172053 Knowledge, attitudes, and behaviors of Chinese hepatitis B screening and vaccination

Monday, October 27, 2008

Grace X. Ma, PhD , Public Health, Temple University Center for Asian Health, Philadelphia, PA
Steven E. Shive, PHD, MPH , Health Department, East Stroudsburg University, East Stroudsburg, PA
Jamil I. Toubbeh, PhD , Center for Asian Health, Department of Public Health, Temple University, Philadelphia, PA
Yin Tan, MD , Department of Public Health, Tempel University, Center for Asian Health, Philadelphia, PA
Dunli Wu, MD , Temple University Center for Asian Health, Weill Medical Center of Cornell University, New York, NY
Problem/Objective: Despite the decline of Hepatitis B (HBV) prevalence in the US population at large, the prevalence in Asian American communities remains high. The absence of early screening and vaccination enhances the chances of viral transmission and infection that often lead to liver complications and premature death. This study examined knowledge, attitudes, and behaviors toward HBV screening and vaccination and identified major barriers that impact screening and vaccination among Chinese Americans of predominantly lower socioeconomic status and non-English-speaking. Methods: A cross-sectional study was conducted among 429 Chinese in New York City of whom 93.0% were not born in the US. Survey items include demographics, acculturation, knowledge and beliefs about HBV, screening behavior, and health perceptions. Participants were recruited from Chinese community-based organizations. Descriptive statistics and chi-square tests of independence were conducted. Results: Knowledge level of HBV risk factors and screening and vaccination rates are low. There were significant differences in screening and vaccination by marital and health insurance status, language, gender, education, and income. Participants were significantly more likely to be screened and vaccinated if they had heard of HBV, heard of a screening test, and knew there was a vaccine for it. Discussion: These findings suggest that educational interventions need to be culturally (contextually and linguistically) appropriate to increase the screening and vaccination rates in this underserved population. Although cultural sensitivity is important in addressing the needs of Chinese American clients, an educational program that targets families, communities, and health providers can ensure the greatest success in removing barriers.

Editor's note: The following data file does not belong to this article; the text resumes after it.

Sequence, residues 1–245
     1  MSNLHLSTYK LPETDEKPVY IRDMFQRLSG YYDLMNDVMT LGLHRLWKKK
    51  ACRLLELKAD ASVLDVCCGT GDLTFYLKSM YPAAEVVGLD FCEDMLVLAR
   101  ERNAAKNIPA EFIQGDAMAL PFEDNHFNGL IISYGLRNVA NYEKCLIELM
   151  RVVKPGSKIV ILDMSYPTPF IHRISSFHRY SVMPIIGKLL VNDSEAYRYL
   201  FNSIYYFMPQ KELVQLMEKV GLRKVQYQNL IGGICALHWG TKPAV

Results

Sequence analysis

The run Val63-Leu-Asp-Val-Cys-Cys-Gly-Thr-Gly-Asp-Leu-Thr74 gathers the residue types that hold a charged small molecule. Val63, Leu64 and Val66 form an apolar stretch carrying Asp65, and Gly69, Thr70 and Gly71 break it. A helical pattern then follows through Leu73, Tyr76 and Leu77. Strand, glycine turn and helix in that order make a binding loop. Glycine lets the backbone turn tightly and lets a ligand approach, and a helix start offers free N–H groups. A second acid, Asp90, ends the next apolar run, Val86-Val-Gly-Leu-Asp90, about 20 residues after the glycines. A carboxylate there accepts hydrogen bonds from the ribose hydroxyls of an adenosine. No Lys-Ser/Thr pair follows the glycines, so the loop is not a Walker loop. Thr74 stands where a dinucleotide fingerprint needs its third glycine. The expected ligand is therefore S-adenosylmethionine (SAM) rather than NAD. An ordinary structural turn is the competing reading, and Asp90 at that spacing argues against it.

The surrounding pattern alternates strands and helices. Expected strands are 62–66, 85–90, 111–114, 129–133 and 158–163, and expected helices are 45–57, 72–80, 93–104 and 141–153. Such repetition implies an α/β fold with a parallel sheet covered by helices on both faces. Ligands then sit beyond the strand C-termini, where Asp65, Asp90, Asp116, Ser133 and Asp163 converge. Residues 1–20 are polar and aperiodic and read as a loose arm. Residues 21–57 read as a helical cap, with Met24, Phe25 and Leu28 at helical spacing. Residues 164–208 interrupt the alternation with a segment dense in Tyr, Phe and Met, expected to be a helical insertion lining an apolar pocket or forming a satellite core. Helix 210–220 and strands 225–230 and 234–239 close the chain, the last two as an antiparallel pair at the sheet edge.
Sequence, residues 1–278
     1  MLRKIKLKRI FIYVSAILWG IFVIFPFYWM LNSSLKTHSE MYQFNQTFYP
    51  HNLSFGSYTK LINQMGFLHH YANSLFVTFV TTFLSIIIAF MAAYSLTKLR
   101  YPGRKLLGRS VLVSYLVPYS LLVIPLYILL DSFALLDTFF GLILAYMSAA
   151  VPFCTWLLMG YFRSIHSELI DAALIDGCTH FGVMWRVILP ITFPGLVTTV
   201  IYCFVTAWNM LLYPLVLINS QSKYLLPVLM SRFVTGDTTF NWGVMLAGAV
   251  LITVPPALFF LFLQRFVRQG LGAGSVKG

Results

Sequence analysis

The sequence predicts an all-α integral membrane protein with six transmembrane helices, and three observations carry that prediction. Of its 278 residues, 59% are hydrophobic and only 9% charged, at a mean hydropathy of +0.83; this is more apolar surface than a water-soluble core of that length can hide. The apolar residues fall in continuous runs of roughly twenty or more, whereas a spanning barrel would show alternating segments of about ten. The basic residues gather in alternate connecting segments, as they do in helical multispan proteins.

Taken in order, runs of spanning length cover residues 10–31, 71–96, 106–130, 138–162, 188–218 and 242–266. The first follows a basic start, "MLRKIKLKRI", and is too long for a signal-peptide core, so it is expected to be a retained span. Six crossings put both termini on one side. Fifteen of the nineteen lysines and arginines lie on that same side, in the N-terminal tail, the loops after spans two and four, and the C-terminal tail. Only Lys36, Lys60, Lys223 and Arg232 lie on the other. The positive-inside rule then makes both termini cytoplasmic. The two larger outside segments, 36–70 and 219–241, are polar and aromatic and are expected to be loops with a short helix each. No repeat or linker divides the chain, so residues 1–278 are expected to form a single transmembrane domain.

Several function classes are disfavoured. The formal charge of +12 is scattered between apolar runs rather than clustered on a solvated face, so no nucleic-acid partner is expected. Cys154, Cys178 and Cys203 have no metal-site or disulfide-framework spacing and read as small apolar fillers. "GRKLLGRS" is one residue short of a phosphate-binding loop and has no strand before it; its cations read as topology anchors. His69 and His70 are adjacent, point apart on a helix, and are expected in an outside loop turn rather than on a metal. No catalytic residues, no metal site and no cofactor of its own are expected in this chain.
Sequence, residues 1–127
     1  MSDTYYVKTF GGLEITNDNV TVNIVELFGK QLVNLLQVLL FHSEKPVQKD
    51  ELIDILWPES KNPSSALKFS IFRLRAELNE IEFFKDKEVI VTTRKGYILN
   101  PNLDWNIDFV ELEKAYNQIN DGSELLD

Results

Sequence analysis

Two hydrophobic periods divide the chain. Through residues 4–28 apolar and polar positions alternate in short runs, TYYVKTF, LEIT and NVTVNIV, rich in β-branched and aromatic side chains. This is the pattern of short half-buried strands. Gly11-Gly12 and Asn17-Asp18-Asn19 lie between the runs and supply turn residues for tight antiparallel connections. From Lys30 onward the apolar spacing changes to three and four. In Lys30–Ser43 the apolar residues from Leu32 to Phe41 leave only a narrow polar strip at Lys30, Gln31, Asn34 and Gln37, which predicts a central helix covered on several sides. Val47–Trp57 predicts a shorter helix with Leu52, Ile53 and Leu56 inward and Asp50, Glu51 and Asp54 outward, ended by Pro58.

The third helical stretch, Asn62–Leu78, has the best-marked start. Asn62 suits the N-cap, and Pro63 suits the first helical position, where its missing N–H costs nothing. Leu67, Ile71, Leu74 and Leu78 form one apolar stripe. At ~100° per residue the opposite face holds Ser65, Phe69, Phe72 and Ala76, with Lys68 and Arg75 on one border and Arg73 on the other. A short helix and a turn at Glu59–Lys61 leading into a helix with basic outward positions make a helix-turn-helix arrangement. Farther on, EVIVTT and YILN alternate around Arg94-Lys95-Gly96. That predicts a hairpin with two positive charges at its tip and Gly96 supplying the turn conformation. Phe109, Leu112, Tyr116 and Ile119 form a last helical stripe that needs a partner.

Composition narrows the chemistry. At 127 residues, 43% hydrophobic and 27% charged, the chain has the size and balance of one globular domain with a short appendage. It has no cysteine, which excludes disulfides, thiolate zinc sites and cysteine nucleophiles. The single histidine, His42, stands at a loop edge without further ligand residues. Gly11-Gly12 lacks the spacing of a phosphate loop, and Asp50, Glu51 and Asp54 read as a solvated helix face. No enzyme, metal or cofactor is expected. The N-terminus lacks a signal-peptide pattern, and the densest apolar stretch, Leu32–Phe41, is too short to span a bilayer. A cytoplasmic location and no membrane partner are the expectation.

Learning Objectives:
1. Describe characteristics of Chinese Americans with low levels of HBV screening and vaccination. 2. Apply the results of this study to development of an intervention strategy that would improve the rates of HBV screening and vaccination among Asian American women. 3. Discuss how the US health care delivery system may contribute to health disparity gaps within this population.

Keywords: Hepatitis B, Immunizations

Presenting author's disclosure statement:

Qualified on the content I am responsible for because: I am the Principal Investigator of the study to be presented. There is no conflict of interest with any commercial entity associated with this study.
Any relevant financial relationships? No

I agree to comply with the American Public Health Association Conflict of Interest and Commercial Support Guidelines, and to disclose to the participants any off-label or experimental uses of a commercial product or service discussed in my presentation.